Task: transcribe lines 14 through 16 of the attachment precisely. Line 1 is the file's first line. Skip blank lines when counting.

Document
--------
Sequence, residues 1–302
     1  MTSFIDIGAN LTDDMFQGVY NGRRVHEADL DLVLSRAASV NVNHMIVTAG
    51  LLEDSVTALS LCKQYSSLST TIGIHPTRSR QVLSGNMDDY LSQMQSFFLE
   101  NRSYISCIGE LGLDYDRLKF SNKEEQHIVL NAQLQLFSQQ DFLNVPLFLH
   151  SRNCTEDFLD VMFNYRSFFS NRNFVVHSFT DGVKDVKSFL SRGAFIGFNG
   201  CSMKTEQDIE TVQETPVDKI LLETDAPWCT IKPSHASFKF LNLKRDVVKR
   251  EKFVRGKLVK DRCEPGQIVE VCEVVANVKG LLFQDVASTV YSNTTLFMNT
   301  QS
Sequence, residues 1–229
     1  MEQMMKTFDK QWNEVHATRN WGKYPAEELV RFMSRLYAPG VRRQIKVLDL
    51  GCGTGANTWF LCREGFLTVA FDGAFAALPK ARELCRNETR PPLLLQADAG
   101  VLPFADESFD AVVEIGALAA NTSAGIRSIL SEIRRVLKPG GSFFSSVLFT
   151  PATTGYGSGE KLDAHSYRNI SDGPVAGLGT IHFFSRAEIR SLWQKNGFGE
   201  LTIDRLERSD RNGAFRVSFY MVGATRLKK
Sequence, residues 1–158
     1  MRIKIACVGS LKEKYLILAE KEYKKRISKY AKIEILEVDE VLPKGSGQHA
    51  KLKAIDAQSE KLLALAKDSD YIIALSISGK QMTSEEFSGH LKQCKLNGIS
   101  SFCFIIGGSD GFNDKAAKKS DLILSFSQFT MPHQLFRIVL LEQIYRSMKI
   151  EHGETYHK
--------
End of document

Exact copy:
   201  LTIDRLERSD RNGAFRVSFY MVGATRLKK
Sequence, residues 1–158
     1  MRIKIACVGS LKEKYLILAE KEYKKRISKY AKIEILEVDE VLPKGSGQHA